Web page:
Updatery department: Lucy of Box Elder has pointed out to me that artist-Annie-who-moved-to-California is working on a picture for "Static." Go see (i.ink). There are several versions, so you can see changes, too. Last month I wrote some poems for a little book in honor of Clive Hicks-Jenkins and his 2011 retrospective (I'm early! Such a lovely and unexpected sensation), so I've had ekphrasis on the brain lately. I always enjoy seeing what people dream and make in response to my writing. Those lightning bolts look like creatures, though ones I don't want to meet up close. Thank you, Annie...
I finally joined Dickens in wreaking a certain kind of mysterious and lively death on a character, and I can reveal that this was an extremely satisfying experience. In fact, riotous fun and maximal steam was had in the writing of this story. Moreover, I have evidently raised my family status because a mother who writes a steampunk story is more appealing to preteen and teen children. Why this should be, I do not know, but one of my old editors at FSG, Robbie Mayes, guarantees it.
Speaking of children, I am glad to say that my mother spoke to somebody in B's dorm who said that he sees B yacking in the lobby constantly or else riding his bike. Evidently the mountain bike is noticeable because everybody else thinks it's too mountainous to ride a bike on campus. So at least he is practicing his social skills and getting lots of exercise! Meanwhile, he keeps adding courses and has passed the audition to enter the theatre arts program. Go, B! So it looks like a double major in history and musical theatre if we don't yack and ride bikes to absolute excess.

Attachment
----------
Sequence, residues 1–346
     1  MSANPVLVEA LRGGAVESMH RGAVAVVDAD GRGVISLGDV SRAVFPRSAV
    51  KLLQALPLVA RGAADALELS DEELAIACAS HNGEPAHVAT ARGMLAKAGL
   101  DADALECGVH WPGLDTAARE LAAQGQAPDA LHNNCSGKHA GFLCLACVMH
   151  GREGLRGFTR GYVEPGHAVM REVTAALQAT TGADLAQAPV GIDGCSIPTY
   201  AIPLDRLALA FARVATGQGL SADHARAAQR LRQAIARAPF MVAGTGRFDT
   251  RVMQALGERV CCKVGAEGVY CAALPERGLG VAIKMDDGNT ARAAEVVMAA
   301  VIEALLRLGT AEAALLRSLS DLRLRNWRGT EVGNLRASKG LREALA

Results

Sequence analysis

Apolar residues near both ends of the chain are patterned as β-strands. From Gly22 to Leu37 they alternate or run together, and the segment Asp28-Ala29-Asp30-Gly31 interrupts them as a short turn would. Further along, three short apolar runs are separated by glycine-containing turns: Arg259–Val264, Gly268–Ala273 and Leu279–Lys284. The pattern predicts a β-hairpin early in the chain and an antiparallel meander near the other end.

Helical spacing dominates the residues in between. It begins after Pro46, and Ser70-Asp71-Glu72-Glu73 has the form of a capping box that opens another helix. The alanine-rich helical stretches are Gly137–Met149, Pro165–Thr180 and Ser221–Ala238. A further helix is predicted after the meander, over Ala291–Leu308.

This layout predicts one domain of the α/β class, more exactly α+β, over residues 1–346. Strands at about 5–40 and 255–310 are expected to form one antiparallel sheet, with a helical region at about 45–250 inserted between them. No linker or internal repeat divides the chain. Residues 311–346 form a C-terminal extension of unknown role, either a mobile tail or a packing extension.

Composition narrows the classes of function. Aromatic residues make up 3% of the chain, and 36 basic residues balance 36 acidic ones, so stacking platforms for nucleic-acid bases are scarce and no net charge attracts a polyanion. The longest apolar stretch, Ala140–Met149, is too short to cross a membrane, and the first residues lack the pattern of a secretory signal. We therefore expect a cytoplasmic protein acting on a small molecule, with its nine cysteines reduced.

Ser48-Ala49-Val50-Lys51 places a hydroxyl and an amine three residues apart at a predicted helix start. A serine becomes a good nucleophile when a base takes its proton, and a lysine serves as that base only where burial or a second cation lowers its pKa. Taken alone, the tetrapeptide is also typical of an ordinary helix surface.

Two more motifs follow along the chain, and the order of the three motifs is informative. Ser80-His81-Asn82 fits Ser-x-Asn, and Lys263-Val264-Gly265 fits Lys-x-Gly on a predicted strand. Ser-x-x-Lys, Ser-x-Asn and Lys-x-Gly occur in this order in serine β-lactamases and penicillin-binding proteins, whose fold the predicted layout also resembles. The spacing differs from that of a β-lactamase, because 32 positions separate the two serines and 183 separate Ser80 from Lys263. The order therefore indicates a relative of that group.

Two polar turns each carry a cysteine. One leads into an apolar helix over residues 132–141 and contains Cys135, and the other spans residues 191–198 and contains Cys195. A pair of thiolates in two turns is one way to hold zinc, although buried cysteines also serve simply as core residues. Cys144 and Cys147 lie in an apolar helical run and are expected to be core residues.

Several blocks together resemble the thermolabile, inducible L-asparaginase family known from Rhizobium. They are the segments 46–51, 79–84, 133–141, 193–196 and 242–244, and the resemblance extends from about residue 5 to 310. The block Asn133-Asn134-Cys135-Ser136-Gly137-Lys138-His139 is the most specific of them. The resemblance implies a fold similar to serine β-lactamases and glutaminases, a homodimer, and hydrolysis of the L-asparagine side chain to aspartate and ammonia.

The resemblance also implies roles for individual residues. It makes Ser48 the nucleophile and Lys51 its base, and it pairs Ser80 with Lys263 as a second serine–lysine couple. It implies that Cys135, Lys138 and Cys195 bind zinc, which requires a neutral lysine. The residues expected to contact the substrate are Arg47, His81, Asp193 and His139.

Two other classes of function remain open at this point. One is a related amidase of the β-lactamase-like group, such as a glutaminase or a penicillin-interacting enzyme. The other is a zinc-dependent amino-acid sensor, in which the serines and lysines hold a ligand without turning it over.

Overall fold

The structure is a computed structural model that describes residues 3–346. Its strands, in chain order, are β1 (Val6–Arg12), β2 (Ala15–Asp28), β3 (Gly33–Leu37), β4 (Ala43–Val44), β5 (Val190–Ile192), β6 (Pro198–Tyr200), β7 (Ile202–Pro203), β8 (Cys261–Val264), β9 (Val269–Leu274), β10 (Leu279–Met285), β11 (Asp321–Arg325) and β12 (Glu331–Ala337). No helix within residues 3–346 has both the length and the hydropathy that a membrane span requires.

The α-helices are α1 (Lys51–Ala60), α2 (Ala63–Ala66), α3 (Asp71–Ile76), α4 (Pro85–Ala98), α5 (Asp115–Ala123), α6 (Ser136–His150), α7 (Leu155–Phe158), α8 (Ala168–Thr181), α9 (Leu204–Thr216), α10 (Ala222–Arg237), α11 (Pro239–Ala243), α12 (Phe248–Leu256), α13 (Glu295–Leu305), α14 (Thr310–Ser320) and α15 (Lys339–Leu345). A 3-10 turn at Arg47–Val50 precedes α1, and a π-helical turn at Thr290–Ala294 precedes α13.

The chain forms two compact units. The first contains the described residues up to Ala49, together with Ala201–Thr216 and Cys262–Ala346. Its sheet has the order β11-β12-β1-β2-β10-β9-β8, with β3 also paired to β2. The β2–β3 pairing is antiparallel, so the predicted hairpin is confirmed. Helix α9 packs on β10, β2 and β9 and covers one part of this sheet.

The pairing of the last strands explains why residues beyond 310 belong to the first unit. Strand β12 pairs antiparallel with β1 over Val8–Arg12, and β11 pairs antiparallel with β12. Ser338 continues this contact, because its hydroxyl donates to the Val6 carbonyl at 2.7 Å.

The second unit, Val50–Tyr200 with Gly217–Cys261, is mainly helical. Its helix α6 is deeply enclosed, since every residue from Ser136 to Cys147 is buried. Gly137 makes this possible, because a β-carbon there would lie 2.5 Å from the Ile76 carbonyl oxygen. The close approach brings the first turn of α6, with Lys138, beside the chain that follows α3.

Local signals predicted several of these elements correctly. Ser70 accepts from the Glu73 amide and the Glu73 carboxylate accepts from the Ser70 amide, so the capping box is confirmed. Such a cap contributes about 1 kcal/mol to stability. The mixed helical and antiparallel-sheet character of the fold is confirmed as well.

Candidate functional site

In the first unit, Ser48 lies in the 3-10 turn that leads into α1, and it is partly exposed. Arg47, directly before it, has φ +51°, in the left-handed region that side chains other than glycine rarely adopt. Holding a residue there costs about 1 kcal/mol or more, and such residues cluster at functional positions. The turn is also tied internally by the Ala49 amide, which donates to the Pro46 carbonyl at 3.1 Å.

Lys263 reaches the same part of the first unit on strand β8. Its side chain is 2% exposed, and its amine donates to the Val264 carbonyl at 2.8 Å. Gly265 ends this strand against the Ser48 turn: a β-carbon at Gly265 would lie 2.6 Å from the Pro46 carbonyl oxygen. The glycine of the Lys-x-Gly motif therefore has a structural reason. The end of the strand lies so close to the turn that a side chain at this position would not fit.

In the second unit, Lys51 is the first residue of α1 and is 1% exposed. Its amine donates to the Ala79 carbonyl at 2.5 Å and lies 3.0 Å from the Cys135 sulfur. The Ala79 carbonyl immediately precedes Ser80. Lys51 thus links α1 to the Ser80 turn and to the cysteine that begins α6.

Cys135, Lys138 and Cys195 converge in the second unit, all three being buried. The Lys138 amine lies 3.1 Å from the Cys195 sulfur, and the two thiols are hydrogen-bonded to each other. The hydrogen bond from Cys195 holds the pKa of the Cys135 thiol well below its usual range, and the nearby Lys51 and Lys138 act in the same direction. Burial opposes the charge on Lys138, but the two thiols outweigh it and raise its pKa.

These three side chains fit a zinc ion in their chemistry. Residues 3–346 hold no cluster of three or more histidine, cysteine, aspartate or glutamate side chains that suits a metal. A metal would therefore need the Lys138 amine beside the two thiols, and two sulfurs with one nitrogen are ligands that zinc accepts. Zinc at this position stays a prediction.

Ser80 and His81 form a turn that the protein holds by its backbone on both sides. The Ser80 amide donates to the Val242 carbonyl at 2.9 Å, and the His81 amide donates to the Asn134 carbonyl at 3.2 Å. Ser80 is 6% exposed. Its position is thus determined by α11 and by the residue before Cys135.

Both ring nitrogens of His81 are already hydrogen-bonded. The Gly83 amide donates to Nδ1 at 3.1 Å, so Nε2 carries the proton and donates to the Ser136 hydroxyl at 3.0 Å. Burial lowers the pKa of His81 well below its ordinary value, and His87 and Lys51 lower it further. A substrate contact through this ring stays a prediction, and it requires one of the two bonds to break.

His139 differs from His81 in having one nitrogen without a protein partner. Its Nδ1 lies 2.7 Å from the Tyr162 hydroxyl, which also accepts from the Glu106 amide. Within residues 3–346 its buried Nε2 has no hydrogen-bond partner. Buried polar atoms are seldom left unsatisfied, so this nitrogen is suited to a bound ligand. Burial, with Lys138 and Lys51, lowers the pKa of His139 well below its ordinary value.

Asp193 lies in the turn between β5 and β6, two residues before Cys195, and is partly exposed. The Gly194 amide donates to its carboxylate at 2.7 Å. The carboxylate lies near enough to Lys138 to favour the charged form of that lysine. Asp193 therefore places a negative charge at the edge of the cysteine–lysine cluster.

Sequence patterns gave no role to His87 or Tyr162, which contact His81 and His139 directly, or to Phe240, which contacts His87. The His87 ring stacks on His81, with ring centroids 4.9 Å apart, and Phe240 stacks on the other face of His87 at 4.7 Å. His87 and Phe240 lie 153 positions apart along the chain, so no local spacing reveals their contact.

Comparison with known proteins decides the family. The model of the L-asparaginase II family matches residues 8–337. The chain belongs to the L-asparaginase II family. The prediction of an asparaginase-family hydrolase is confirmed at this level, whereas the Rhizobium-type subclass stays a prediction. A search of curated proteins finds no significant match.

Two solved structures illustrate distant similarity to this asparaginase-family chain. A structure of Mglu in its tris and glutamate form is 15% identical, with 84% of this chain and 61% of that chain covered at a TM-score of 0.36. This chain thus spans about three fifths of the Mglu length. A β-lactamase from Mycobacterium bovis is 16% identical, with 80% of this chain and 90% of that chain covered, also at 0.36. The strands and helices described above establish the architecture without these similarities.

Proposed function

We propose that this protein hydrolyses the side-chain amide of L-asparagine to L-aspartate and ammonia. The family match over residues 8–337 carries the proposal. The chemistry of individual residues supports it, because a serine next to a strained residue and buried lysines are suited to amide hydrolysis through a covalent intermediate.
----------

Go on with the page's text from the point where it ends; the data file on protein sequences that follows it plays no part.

Overheard just now: Mike and N have already woven a diamond-pattern seat for the Shaker's elder chair that Mike made for my father when he became debilitated. Now N is helping to weave a flame-stitch seat onto a Shaker bench.
Mike, evidently feeling mightily sentimental: Some day when you're an old man and your mother and father are dead, you can tell your grandchildren how you made this bench for your mother when you were a little boy.
N, 11, blasting through the treacle skies like a red-hot rocket: I'm going to tell somebody before that.
Recalled from yesterday: R, 16, is talking to her friend M during a rehearsal for Grease. The two are doing a little bit of chatter-patter as part of the background, so it doesn't much matter what they say.
M, with enthusiasm: I think boys are nice!
R: I'm a cat person myself.
Yes, I've been perfectly perfect in my horribleness about blogging. Or about not blogging. And I'm way overdue to talk about lots of new books by people I like, so I'll try to come back soon... What have I been doing? I've been committing more poetry, polishing the summer's very long poem, answering or postponing various requests, and generally pinwheeling about like a cat on ice who wishes that she was as clever and fast as a chimpanzee on skates.